In a Nutshell: Over the last 49 years, the Interfaith Center on Corporate Responsibility (ICCR) has worked alongside banks and financial institutions to promote the reformation of company policies to help poor and disenfranchised Americans. One example is the organization’s work with Wells Fargo to shape new policy in the wake of the bank’s product sales tactics brought to light in 2016. ICCR has also pressured banking giants JP Morgan Chase and Wells Fargo to stop providing lines of credit to privatized prisons, and to invest more in the communities they serve.
A host of basic statistics can tell a story of economic woe in America — but, as with most things in life, no two stories are the same.
For example, 12.3% of Americans fell below the poverty line in 2017. That’s an astoundingly high number, but it doesn’t show the true despair experienced by many individuals and communities in poor and disenfranchised areas.
While many of those Americans hovered around the poverty line, set at $24,860 for a family of four, others plunged far below that number — making it almost impossible to live even the most basic life.
And it’s those people who often have no voice in the economic and corporate policymaking that dictates their livelihood. Thus, most Americans simply don’t see or hear from these people to understand their plight.
But the Interfaith Center on Corporate Responsibility (ICCR) wants to change that by leveling the economic playing field for those who may not be capable of fighting for themselves.
A Compassionate Presence for Those Who Have No Voice
ICCR has revolutionized shareholder advocacy by fighting for environmental, social, and governance issues for the last 49 years. The organization’s membership consists of more than 300 global institutional investors with more than $400 billion in managed assets.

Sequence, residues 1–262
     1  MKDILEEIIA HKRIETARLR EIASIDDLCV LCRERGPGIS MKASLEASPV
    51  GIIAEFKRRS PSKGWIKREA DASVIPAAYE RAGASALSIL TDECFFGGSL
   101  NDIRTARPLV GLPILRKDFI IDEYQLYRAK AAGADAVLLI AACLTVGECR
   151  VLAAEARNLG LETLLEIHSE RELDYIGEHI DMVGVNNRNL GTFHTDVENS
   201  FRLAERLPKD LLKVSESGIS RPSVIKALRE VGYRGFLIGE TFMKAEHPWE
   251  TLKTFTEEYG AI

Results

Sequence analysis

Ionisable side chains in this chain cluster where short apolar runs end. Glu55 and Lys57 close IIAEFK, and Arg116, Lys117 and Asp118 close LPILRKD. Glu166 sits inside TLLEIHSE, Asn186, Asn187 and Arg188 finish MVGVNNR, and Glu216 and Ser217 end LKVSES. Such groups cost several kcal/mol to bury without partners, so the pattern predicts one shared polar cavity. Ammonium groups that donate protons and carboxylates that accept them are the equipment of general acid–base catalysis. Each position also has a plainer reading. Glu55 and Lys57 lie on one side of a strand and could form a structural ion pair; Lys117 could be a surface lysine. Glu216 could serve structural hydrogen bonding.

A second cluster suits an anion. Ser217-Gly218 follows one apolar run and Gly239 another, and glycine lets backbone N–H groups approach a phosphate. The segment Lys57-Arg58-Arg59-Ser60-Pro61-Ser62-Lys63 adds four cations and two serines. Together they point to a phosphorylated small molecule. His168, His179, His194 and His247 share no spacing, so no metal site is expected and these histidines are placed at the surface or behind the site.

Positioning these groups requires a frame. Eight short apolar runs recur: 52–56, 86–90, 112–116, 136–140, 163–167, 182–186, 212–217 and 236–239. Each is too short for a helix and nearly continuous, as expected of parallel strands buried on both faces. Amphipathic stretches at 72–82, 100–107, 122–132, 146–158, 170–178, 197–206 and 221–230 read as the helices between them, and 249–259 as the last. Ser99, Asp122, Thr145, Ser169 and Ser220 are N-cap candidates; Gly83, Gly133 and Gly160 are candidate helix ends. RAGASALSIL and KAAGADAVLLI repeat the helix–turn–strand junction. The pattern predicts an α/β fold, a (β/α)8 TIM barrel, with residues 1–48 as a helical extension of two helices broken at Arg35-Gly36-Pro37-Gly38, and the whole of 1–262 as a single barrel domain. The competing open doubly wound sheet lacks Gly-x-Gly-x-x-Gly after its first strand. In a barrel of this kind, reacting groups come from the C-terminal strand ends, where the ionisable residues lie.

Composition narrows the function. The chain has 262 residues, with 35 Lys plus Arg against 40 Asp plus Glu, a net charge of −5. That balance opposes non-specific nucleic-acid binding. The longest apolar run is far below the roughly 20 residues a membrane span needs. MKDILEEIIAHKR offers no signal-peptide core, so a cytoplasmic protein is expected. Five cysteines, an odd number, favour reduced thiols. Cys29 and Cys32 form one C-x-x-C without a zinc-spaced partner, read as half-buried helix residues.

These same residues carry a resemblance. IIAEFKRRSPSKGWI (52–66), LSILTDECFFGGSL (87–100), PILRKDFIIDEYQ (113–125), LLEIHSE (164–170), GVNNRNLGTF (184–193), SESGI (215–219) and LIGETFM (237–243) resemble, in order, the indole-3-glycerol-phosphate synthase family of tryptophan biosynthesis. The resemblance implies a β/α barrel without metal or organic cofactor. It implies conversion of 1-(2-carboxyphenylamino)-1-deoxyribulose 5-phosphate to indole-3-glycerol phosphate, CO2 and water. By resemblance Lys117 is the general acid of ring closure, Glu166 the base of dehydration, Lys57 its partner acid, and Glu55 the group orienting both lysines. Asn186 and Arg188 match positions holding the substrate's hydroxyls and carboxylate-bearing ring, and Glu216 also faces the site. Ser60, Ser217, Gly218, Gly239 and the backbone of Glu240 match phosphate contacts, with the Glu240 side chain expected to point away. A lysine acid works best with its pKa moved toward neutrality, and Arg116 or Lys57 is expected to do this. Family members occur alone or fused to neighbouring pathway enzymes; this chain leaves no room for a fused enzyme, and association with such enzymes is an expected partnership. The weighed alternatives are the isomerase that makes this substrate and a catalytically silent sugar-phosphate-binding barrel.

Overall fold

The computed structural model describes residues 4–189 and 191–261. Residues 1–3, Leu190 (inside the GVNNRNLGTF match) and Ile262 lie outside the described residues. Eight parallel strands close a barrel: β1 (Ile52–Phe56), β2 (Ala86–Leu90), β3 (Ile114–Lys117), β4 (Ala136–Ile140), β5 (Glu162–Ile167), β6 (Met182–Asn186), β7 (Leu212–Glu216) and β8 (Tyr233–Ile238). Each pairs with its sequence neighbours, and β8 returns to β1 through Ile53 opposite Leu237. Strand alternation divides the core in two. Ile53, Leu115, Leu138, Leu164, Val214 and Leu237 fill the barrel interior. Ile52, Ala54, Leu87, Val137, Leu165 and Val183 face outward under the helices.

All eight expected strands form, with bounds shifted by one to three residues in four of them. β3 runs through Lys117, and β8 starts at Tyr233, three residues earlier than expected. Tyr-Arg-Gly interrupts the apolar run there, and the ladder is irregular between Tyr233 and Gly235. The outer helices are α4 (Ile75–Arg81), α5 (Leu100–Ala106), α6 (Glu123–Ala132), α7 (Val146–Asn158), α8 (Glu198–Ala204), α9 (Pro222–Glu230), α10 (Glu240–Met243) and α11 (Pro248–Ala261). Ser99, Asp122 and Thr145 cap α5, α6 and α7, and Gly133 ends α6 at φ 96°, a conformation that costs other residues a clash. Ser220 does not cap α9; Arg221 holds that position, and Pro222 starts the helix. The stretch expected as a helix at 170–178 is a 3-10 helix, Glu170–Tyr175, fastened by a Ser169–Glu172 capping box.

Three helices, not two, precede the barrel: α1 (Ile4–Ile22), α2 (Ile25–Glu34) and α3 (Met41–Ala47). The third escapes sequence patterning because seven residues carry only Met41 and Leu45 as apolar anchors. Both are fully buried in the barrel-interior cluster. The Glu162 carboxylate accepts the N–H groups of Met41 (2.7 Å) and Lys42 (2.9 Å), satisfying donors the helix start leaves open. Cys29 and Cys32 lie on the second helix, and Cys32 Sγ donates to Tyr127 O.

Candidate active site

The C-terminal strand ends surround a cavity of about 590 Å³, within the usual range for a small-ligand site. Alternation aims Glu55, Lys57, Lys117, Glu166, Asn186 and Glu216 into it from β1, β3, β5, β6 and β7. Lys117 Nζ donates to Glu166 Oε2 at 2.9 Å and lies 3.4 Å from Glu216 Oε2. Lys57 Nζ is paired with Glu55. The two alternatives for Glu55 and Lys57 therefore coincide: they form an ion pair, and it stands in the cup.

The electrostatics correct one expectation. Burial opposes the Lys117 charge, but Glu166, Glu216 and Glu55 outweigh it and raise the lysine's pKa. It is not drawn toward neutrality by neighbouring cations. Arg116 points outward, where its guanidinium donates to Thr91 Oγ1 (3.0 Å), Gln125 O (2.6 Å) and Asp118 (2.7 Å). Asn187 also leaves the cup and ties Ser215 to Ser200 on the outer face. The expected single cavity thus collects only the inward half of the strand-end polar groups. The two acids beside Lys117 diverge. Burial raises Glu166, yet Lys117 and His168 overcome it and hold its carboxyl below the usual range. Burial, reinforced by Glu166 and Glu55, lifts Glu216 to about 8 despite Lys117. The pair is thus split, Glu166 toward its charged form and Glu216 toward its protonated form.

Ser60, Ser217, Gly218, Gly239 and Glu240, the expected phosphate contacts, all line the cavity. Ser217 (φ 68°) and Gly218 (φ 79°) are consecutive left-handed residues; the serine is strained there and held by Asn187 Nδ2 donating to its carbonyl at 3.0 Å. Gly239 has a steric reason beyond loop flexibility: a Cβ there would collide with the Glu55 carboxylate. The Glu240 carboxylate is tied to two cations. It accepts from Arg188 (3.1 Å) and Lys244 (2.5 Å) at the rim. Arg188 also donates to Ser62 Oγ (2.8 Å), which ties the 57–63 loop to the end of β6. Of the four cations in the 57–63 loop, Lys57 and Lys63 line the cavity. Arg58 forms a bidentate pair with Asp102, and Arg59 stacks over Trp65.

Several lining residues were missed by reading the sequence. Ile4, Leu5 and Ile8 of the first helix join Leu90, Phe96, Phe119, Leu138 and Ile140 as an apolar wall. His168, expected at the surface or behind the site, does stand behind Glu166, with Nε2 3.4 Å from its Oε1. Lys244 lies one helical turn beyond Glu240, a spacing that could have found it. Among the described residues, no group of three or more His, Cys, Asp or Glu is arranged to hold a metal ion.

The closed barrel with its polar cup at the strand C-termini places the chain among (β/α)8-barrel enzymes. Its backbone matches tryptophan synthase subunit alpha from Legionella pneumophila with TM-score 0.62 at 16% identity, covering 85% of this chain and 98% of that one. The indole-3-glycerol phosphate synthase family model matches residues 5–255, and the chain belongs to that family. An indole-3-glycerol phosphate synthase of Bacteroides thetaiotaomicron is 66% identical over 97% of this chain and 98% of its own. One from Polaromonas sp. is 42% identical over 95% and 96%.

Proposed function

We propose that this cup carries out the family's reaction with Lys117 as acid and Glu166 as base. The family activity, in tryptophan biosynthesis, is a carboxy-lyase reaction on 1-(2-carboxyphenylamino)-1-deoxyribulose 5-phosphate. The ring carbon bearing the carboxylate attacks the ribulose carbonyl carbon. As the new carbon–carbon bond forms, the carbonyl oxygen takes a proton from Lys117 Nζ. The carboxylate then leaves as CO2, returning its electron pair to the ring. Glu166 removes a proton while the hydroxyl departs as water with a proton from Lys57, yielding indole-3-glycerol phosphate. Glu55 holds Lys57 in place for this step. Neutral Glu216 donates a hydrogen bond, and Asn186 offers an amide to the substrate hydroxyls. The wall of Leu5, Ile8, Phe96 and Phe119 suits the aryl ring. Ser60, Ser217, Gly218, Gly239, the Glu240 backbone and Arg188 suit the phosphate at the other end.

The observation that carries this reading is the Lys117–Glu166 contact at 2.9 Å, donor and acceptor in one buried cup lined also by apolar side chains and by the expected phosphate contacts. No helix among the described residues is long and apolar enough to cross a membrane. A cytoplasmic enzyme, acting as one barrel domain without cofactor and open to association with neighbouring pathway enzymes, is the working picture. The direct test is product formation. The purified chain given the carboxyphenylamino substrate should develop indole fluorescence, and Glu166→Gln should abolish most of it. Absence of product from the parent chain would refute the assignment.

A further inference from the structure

“Our commitment, and our whole mission, is in trying to help those who are disenfranchised and poor,” said Sister Nora Nash, Director of Corporate Responsibility at ICCR. “We are committed to taking the necessary risks to be a healing and compassionate presence, especially in the lives of women and children or those who have no voice.”
Many ICCR members are investors who hold stakes in oil and gas and financial services companies and use shareholder advocacy to open dialogue with the companies they invest in. Under current trade rules, shareholders who hold $2,000 or more in company stock for more than one year can file a shareholder resolution.
Most of the proposals filed deal with governance topics, such as CEO compensation. But shareholders can also request reports and policies and submit proposed changes to those policies to the company’s board for a public vote.
Most companies try to keep these policy changes off their ballots and opt instead to reach an amicable solution with the investor — without a public display. These interactions pave the path toward the types of change ICCR works to create.